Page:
Is Pet Insurance a Good Idea?

If all dog owners had to worry about were a checkup, yearly shots, and an occasional injury, it would be hard to justify the cost of pet insurance. After all, premiums can run into the thousands of dollars over the life of your pet.

But the fact is that today, pet medical care rivals what’s available to humans in complexity and cost. For example, an MRI is a diagnostic tool once reserved for humans but is now available for pets as well–at an average cost of $1,200. Sophisticated procedures such as radiation therapy, can start at $900 and quickly reach $5,000.

And it’s not as if it can’t happen to you. Statistics show that one out of three pets will need emergency treatment every year, and two out of three experience at least one major health crisis in their lifetimes.

Given these catastrophic and skyrocketing costs, and with monthly premiums as low as $10 for some pets and plans–they average around $35–pet insurance may be a worthwhile option for you and your animals.

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Declaw No – Scratching Post Yes!

The issue of declawing has been a hot one for about 20 years now. The main reason for declawing is to stop a cat from scratching furniture, people and priceless rugs. There is no medical reason to declaw a cat, though, and the declawing removes the front of the toe which can affect a cat’s balance.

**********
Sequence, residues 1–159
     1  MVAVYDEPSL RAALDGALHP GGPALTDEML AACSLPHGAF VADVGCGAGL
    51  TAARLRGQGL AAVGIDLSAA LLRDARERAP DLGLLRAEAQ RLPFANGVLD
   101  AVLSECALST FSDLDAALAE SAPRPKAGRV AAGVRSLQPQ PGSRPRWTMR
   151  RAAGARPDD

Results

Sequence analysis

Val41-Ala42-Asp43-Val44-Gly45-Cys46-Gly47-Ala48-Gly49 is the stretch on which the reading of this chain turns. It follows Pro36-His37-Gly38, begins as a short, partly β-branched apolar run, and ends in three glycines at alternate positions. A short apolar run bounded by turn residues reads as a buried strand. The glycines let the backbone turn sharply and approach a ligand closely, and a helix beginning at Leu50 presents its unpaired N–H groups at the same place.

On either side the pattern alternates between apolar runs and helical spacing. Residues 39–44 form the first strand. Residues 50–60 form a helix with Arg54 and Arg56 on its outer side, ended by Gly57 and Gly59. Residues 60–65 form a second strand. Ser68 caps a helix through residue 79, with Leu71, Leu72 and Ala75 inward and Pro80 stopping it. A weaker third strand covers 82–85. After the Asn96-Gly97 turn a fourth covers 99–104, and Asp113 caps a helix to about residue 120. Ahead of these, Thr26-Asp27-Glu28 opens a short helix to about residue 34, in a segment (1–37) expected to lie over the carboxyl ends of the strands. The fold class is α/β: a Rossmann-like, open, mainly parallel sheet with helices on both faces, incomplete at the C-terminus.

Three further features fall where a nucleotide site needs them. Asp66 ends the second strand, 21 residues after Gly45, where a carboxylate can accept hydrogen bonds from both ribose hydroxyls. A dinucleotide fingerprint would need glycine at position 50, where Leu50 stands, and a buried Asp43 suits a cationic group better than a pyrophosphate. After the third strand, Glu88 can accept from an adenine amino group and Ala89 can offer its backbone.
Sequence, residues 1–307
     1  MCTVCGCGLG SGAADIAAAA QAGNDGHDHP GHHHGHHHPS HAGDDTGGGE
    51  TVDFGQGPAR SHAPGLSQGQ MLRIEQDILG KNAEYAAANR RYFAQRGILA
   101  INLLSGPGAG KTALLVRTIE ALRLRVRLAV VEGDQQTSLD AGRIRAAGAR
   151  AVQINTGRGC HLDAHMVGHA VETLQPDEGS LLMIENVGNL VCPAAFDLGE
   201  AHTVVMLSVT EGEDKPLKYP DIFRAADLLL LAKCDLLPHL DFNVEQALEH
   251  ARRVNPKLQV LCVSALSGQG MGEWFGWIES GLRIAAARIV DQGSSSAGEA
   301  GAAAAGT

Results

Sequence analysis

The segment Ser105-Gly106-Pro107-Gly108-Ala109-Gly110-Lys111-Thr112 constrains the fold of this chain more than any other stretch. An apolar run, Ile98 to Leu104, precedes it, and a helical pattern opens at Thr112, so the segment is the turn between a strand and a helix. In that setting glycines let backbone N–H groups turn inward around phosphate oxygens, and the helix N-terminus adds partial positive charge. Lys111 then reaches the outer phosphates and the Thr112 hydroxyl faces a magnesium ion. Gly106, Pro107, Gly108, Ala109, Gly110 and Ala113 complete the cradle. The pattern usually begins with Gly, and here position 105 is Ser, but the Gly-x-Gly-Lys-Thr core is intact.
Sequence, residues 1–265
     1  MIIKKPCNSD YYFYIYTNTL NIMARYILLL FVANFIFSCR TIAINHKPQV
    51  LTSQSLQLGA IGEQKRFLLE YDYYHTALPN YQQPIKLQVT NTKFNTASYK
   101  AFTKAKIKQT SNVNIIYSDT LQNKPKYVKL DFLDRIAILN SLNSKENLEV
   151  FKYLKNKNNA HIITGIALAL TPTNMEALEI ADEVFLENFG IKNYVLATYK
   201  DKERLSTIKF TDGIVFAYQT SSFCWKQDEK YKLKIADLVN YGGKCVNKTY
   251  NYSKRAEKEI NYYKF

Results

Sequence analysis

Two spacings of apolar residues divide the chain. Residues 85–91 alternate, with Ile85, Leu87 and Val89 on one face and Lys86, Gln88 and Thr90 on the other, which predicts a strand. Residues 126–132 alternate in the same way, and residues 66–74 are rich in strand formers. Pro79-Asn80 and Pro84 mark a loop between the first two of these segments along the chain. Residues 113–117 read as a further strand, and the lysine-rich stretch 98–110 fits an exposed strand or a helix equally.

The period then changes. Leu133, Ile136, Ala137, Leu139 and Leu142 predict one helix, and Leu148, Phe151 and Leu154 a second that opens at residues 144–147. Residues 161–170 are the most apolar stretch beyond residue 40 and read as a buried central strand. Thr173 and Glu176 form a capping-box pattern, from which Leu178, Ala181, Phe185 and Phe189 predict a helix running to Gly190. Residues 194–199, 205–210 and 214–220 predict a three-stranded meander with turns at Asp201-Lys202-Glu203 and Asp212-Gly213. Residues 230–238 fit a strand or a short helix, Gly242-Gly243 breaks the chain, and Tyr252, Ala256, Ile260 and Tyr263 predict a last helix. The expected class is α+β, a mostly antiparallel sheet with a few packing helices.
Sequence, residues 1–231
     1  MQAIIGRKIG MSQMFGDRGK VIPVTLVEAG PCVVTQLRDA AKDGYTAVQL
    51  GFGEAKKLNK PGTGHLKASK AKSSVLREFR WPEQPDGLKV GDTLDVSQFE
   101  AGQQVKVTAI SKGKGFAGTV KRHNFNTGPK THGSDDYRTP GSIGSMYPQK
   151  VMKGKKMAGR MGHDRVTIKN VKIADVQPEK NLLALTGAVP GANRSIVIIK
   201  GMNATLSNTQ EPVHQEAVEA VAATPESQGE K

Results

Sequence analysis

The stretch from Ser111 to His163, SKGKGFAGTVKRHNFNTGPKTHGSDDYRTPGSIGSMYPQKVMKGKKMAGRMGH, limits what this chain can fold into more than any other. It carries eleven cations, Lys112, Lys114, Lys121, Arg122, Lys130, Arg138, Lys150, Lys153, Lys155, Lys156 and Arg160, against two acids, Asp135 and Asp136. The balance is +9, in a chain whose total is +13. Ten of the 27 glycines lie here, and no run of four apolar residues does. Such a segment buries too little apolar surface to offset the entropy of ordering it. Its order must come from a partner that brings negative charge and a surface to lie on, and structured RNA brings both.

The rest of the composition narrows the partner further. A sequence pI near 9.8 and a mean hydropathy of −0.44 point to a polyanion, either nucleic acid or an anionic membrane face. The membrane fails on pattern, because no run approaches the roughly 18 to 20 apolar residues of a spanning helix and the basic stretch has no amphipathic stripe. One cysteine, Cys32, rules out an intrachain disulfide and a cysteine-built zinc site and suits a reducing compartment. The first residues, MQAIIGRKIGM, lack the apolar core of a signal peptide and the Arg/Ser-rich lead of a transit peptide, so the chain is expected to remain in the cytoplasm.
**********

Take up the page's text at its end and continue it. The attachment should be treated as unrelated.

It’s simpler and more humane to teach your cat some claw manners instead. Set up scratching posts around the house, including the hanging kind which you can attach to the the couch. Use catnip to attract your cat. You can also teach your cat to leave the furniture alone and to keep her claws in when a person is holding her. It just takes a repetitive “No!” when the claws come out and treats when she obeys. A little time training is a much better alternative.

Harness or Collar – What’s Best?

Used imprpperly collars can do damage to your dog’s neck (including the trachea, esophagus, and more) over the years. An easy way to prevent the damage is to attach your dog’s leash to a harness instead of a collar.

If your dog pulls a lot on his leash, you can buy a training tool such as an Easy Walk Harness or a Gentle Leadeer Head Collar and use that tool on walks while you teach your dog to walk more nicely. (Be sure to follow the instructions when using training tools like these.) Once your dog understands how to walk politely on leash, you can remove the training tool and simply walk your dog in a regular body harness.

Airedale Terrier

The Airedale Terrier was named for the valley of the Aire in England, the place where the breed most likely originated. The Airedale was developed from similar terriers that are now extinct. Before the breed evolved into today’s Airedale, it was called the Waterside or Bingley Terrier.

Airedales were originally bred to be versatile working dogs. They were skilled hunters, reliable messengers, and dutiful guard dogs. In fact, they have been used all over the world for their abilities. Airedale Terriers were first registered with the AKC in 1888.